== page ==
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The Winter 2010 issue of The Earth Scientist includes a variety of educational resources, ranging from astronomy to glaciers. Check out the other publications and classroom materials in our online store.

Exploratour - Evolution of the Solar System

This is a schematic showing the forming solar system.
Click on image for full size
C. Alexander

Because the cloud was spinning, it flattened into a frisbee shape, just like a ball of pizza dough becomes flat when a chef spins it in the air. The frisbee shaped cloud grew hotter and denser in the center, with a disk of gas and dust surrounding it that was cool.

As the cloud flattened, the gaseous material inside was forced to begin changing into solid form. These little particles of solid material were warm, soft and sticky, and whenever they touched each other, further clumped together to form larger balls of solid material somewhat the way pieces of "silly putty" would stick together if they came into contact. The hot and dense part in the center we call a proto- sun, meaning that it was a forming sun. It was not a star yet, but eventually would become our Sun. The large balls of clumpy stuff, which could be boulder sized to asteriod sized, we call "planetismals", meaning that they were miniature planets. Eventually only a few large clumps of this material remained in the forming solar system, and they became the core of "proto-planets".


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Our online store includes issues of NESTA's quarterly journal, The Earth Scientist, full of classroom activities on different topics in Earth and space science, ranging from seismology, rocks and minerals, oceanography, and Earth system science to astronomy!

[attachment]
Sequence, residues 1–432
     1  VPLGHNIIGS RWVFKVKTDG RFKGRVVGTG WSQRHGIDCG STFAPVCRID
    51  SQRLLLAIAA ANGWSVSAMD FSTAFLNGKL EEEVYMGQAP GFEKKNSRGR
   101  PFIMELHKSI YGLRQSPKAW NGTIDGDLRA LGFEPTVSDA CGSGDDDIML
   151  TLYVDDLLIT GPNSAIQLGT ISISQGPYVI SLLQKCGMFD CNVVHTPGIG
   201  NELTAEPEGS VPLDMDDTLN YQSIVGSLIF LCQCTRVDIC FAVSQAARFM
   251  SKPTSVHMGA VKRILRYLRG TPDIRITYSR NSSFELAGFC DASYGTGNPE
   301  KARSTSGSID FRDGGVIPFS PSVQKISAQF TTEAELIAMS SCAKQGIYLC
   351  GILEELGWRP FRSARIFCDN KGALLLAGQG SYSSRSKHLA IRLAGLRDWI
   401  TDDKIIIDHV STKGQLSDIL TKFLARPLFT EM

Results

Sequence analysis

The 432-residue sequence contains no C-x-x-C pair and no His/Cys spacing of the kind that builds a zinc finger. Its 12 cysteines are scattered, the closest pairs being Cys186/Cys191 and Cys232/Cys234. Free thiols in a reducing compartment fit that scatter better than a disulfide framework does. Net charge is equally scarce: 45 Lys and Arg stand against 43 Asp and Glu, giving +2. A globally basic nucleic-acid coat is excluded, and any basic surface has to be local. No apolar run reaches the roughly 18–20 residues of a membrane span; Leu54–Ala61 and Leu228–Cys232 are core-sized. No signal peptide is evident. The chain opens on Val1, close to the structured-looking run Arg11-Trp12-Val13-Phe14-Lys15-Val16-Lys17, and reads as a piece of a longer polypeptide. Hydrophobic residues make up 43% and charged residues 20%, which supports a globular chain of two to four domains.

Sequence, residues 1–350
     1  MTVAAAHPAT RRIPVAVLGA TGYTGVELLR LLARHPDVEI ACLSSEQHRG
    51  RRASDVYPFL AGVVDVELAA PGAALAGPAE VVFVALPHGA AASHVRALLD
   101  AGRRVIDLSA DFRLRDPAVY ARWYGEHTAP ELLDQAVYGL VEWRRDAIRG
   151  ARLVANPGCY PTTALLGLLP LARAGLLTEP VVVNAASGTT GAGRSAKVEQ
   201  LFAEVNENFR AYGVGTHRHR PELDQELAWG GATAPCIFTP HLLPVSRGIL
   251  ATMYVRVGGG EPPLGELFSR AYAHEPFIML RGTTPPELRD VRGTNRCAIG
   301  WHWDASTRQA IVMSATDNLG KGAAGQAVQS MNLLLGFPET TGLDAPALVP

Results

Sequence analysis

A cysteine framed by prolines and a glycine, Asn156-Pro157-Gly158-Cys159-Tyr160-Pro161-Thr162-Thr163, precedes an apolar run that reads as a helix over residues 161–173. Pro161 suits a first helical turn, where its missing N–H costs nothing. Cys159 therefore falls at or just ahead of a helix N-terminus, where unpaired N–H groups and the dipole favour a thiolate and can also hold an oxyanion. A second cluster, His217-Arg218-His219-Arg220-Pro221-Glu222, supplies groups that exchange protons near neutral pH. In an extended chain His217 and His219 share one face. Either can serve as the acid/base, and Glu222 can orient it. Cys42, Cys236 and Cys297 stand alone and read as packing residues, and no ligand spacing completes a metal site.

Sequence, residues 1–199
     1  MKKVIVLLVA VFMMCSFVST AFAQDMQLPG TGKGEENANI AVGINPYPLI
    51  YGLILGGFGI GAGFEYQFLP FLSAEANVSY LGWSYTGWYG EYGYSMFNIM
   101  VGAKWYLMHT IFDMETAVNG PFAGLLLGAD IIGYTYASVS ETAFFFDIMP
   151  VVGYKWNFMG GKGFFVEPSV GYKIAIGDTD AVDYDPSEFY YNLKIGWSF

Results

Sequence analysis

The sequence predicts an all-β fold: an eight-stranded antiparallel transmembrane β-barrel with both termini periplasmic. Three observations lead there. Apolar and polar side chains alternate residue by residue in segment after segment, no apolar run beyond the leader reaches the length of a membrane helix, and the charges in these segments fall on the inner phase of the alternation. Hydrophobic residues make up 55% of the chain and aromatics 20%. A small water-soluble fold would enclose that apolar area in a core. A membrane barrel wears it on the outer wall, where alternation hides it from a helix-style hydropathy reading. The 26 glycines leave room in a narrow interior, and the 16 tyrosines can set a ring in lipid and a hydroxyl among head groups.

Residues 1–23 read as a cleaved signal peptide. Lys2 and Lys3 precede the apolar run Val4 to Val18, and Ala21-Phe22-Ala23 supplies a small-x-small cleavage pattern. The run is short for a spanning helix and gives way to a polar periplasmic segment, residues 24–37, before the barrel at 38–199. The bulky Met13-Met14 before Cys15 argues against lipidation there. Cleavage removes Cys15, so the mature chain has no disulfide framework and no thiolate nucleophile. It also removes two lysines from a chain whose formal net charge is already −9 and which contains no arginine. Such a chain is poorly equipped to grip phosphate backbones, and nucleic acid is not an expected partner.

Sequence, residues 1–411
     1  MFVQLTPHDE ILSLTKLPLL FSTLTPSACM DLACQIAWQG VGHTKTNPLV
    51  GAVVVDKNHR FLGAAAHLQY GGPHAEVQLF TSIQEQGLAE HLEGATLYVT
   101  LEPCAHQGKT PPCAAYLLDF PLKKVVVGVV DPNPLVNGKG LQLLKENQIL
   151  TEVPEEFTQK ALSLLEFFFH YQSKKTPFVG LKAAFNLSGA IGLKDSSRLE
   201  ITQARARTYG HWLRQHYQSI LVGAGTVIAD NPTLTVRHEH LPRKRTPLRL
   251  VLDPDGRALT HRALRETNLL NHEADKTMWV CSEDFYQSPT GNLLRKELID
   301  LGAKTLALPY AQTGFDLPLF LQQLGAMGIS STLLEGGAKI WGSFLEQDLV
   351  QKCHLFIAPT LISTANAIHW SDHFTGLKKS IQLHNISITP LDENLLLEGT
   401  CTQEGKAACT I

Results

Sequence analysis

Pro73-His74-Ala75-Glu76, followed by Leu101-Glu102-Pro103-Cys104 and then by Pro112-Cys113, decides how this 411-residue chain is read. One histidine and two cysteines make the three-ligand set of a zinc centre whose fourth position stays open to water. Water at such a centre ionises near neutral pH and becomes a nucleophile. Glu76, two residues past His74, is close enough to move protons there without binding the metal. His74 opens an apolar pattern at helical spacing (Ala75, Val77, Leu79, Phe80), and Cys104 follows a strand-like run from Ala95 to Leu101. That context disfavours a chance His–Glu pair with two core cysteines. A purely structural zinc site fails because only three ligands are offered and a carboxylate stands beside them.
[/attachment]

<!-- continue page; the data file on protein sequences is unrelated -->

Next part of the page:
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Exploratour - Evolution of the Solar System

This tour is not ready yet, but you can click through and look at the pictures if you wish! Please come back in 30 days. This page is the start of the tour of the Evolution of the Solar System. The navigation...more

ExploraTour - Looking at the World in a Different Light

Even though the sleeping man is no longer on the bed, you can still see where he was lying down. The heat from his body warmed up the bed sheets which are now radiating infrared light toward your eyes....more

ExploraTour - Looking at the World in a Different Light

All warm objects (not just people) radiate in the infrared. Warmer objects give off more infrared radiation. Very hot objects radiate other types of light in addition to infrared. Click on the picture...more

ExploraTour - Looking at the World in a Different Light

Your eye is a wonderful detector of visible light. Different frequencies of light produce different sensations in the eye which we interpret as colors. Our eyes detect light by using light sensitive components...more

ExploraTour - Looking at the World in a Different Light

Imagine you found a pair of special glasses that not only gave you telescopic vision but gave you the ability to see all forms of radiant energy. The universe in visible light contains all the familiar...more

ExploraTour - Looking at the World in a Different Light

This is a volcano on the island of Miyake in Japan. It has erupted, sending hot lava and ash into the air, a total of ten times. The time after one eruption until the next occurred was about twenty years...more

ExploraTour - Looking at the World in a Different Light

This is a picture of a galaxy in visible light. A galaxy is a large number of stars, some like our sun, some bigger, some smaller and all moving together through space. This galaxy is called Centaurus...more

Windows to the Universe, a project of the National Earth Science Teachers Association, is sponsored in part is sponsored in part through grants from federal agencies (NASA and NOAA), and partnerships with affiliated organizations, including the American Geophysical Union, the Howard Hughes Medical Institute, the Earth System Information Partnership, the American Meteorological Society, the National Center for Science Education, and TERC. The American Geophysical Union and the American Geosciences Institute are Windows to the Universe Founding Partners. NESTA welcomes new Institutional Affiliates in support of our ongoing programs, as well as collaborations on new projects. Contact NESTA for more information. NASA ESIP NCSE HHMI AGU AGI AMS NOAA